Risk Management in Islamic Banks


Present globalization of international trade and financial markets provide opportunities for countries and financial institutions to do cross-border deals, to increase international business and global banking. At the same time, globalization of financial markets also exposes businesses, financial institutions and investors to risks of potential losses. These risks may come from uncertainties in unexpected fluctuations in assets prices, project failures, legal liabilities, accidents, natural causes and disasters as well as deliberate attacks from an adversary.

Risk is the probability of negative outcomes which could be as a result of an unexpected event happening, either from factors within the bank such as staff negligence, mismanagement or external forces outside the bank (such as regulatory changes, economic downturn or changes in tax or interest rate structure) that have significant impact on the bank’s performance.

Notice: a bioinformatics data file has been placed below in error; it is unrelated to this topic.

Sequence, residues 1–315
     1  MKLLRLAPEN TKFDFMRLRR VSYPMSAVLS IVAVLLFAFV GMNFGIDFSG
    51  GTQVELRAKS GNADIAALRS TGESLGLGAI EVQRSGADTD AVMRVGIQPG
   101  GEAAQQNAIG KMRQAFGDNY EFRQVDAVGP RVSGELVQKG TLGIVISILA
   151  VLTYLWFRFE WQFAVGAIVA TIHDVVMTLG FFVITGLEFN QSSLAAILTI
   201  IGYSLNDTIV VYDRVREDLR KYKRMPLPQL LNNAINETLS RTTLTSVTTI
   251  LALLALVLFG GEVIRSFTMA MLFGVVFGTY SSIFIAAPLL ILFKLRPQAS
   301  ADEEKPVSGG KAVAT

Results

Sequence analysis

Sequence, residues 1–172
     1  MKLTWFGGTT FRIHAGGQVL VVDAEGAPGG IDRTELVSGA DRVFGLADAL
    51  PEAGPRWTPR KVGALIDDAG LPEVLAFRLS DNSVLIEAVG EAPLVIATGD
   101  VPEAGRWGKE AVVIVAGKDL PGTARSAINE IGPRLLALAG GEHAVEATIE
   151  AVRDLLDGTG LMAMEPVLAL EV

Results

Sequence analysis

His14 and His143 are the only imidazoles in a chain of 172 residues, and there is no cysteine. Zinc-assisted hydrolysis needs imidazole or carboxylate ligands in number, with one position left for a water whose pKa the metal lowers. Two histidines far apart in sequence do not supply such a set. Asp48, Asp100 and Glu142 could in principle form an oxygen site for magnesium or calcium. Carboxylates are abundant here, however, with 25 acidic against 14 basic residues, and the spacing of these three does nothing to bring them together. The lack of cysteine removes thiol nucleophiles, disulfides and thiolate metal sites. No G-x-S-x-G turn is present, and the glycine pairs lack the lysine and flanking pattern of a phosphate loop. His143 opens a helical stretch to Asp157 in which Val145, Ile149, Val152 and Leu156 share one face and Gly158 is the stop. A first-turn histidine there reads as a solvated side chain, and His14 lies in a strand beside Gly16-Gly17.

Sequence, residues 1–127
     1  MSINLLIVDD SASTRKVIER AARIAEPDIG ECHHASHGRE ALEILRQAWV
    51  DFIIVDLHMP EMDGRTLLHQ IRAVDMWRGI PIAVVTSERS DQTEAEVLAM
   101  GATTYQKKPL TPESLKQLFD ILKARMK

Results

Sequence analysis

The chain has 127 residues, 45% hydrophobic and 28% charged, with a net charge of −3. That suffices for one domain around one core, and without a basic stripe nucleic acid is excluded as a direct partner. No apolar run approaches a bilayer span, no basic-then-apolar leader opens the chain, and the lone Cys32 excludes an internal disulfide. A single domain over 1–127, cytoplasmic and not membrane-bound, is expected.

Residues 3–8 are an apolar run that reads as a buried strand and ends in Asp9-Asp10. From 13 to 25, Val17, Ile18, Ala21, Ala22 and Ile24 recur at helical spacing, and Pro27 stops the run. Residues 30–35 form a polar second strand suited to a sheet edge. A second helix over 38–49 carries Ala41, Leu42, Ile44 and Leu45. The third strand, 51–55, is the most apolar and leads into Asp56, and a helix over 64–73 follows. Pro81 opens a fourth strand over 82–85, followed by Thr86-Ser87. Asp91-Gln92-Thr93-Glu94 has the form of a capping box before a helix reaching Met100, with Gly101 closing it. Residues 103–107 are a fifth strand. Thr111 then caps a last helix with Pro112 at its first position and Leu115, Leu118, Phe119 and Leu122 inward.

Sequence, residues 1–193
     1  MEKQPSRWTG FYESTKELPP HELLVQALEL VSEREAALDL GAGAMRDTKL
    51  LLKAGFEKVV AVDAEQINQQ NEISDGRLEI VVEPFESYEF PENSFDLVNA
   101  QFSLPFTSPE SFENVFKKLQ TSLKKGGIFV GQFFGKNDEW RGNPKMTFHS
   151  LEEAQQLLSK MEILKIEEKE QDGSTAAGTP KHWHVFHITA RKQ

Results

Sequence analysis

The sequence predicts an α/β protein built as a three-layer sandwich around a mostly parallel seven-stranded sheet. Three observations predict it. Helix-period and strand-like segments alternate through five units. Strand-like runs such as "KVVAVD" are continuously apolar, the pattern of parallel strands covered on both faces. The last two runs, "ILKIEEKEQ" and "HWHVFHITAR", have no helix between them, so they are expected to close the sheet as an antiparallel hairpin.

Definition of Risk (Conventional Perspective)

Sharpe (1997) defines risk as probability of negative outcome or potential losses that could bring an adverse impact to a bank. Risk is also defined as uncertainties of future events which might influence successful achievement of an organizations objectives and targets.  Risk is defined as exposure to uncertainty of outcome (Cade, 1997) or the possibility that the actual returns will deviate from the expected returns (Ahmad, 2003). Statistically, risk is defined as the probability of a negative outcome, variance or standard deviation around the expected return, or as a shortfall probability (Fisher & Jordan, 1983; Sharpe et al., 1995).

Definition of Risk (Islamic Perspective)

Elgari, (2003) explains that risk in Arabic word is Mukatharah, which is defined as the situation that involves the probability of deviation from the path that leads to the unexpected or usual result. Risk is sometimes associated with Mukhatarah and Gharar. However Gruining & Iqbal (2008) provide a more definite distinction between Mukhatarah and Gharar where Mukhatarah is risk and Gharar is uncertainty. Gharar could also be referred as a situation in which either party to a contract has information regarding some elements of the subject of the contract that is withheld from the other party or in which neither party has control over the subject of the contract. Prohibition of Gharar is therefore seen as a way mitigating risk by avoiding contracts with high information asymmetry. (Elgari, 2003)